Ants Climbing High in N.Y.C Apartments
By: Yifei Mei
At the end of May, Katie Guhl traveled to a wedding in New Orleans and a Memorial Day gathering in New Jersey. Her apartment on East 81st street was left spotless. But then she returned home and found swarms of ants in her kitchen.
She said, “there was no crumbs to be had.” Guhl lives on the 6th floor, so she’s never seen ants there before and didn’t expect any ants either. Unlike cockroaches, ants aren’t common in high rises.
On Reddit, a witness of the ant infestation wrote, “Woke up this morning to ants crawling around my living room. I live on the 3rd floor and have never had problems with any insects.” Someone else added: “I worked in an apartment building, and the 25th floor had ants in midtown.”
“They just showed up one day,” Melissa Russell Paige said. She lived in the same second floor in the same apartment for 8 years and “never saw an ant even once.” Her neighbor upstairs saw them as well. In a text message, she showed three photos of liquid ant baits, each one was clogged with ant corpses.
Samantha Kennett is a graduate student at Kennesaw State University in South Georgia in Dr. Clint Penick’s insect lab. Samantha Kennett studies urban ant ecology.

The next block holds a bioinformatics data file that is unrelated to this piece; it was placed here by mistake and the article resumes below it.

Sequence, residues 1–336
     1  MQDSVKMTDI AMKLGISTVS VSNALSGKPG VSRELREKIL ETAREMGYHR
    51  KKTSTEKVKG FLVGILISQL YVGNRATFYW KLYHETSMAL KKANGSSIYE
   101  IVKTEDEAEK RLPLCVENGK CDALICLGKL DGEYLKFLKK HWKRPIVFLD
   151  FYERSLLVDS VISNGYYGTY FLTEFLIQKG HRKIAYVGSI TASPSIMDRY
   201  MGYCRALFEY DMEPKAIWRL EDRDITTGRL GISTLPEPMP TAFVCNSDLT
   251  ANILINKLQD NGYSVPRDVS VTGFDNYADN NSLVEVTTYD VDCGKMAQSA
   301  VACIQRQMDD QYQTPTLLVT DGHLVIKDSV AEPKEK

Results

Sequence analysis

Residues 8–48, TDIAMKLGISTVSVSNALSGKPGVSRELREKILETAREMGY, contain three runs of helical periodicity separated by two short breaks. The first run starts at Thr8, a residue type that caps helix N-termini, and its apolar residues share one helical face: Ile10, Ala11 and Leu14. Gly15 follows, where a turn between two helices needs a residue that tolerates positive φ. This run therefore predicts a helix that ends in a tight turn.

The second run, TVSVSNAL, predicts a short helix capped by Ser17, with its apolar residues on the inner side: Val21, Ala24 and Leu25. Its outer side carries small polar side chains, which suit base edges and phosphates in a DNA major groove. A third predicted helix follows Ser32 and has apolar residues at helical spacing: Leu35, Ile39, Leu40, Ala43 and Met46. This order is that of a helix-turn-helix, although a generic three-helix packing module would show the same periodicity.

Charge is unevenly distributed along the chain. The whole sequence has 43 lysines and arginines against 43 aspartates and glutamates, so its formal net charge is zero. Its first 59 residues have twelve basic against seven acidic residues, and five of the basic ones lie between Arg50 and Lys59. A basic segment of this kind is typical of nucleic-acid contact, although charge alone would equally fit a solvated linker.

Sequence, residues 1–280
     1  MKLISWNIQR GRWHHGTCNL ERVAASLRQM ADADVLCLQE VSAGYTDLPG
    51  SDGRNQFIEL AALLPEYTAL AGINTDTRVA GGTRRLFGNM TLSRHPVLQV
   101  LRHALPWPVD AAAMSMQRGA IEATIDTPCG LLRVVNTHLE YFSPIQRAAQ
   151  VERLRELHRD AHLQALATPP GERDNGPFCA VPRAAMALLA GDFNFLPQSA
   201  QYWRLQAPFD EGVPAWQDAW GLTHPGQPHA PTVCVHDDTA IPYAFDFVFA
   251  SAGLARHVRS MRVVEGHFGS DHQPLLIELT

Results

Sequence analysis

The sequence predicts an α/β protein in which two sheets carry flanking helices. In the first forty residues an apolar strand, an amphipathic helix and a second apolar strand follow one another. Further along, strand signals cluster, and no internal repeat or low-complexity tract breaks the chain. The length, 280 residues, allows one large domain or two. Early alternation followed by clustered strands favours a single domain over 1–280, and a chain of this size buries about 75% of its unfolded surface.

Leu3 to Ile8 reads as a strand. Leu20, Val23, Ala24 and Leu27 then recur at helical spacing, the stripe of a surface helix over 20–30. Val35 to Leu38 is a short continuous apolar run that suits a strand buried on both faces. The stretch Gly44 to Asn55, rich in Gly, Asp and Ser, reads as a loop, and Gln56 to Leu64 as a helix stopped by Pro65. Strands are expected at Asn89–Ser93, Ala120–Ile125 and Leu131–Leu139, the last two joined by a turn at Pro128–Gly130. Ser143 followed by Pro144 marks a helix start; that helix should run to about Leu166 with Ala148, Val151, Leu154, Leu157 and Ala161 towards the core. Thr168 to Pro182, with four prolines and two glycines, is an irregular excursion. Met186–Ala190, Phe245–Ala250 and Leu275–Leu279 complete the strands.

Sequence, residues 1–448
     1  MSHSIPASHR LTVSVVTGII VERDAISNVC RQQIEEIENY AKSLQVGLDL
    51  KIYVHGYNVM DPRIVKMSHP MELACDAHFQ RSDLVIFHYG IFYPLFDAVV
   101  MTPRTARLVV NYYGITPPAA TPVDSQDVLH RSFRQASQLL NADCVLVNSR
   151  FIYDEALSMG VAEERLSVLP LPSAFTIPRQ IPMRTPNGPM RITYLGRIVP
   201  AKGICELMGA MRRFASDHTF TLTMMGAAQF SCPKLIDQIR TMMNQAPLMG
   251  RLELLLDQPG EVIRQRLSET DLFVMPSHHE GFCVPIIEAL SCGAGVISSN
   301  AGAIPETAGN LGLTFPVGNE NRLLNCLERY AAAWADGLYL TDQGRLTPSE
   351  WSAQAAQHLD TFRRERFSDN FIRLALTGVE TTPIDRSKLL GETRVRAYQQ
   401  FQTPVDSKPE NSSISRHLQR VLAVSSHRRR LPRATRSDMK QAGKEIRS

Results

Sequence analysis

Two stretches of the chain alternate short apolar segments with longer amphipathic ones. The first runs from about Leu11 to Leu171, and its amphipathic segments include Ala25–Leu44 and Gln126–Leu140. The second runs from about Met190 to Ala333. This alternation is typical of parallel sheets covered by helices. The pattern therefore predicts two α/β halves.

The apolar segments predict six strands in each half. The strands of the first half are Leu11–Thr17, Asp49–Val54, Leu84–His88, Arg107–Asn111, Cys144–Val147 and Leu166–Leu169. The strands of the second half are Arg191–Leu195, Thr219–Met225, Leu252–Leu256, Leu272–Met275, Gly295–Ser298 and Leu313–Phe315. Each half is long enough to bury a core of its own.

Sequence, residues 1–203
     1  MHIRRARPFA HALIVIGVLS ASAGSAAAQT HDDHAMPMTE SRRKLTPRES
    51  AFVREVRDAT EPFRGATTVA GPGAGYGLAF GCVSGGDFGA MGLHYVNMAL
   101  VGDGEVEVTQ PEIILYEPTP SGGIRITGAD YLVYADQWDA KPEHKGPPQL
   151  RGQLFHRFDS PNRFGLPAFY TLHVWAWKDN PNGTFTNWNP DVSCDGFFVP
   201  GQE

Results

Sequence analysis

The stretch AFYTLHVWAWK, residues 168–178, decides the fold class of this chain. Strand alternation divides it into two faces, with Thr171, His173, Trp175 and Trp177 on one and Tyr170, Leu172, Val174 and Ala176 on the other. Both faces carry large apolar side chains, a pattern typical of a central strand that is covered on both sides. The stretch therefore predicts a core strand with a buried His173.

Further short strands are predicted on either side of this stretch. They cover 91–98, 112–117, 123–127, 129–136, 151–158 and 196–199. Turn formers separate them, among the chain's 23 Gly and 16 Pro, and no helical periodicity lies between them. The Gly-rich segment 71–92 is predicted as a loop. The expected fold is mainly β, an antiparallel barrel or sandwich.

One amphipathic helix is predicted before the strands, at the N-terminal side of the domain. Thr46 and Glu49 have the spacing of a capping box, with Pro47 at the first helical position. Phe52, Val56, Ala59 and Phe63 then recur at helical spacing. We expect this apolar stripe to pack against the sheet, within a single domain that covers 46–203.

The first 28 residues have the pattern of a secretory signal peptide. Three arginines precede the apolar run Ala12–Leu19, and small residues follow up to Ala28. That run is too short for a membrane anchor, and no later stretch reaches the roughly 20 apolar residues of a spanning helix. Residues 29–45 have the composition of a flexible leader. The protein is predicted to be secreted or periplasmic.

Specifically, Kennett studies an ant called, Lasius emarginatus. This ant isn’t native to the US, it’s a European immigrant that may have arrived by ship, first seen in New York, 2011.
Within the last decade, the Lasius emarginatus has been thriving in New York. This ant has a reddish-brown thorax and a dark brown head and abdomen. Lasius emarginatus has been nicknamed ManhattAnt.
“My research focuses on understanding how this ant, who is now one of the most common ants in New York City, has been able to be so successful, surviving in highly urban habitats,” Kennett said. She found Lasius in trees up and down Broadway, and in midtown. “We found them in Times Square,” she said. “They are everywhere.”
Kennett started an online initiative plan, Project ManhattAnt. She hopes New Yorkers will report sightings to help scientists track the insect as it spreads. “We’ve started to see populations pop up in New Jersey and as far as Long Island.”
Just how high will this ant go?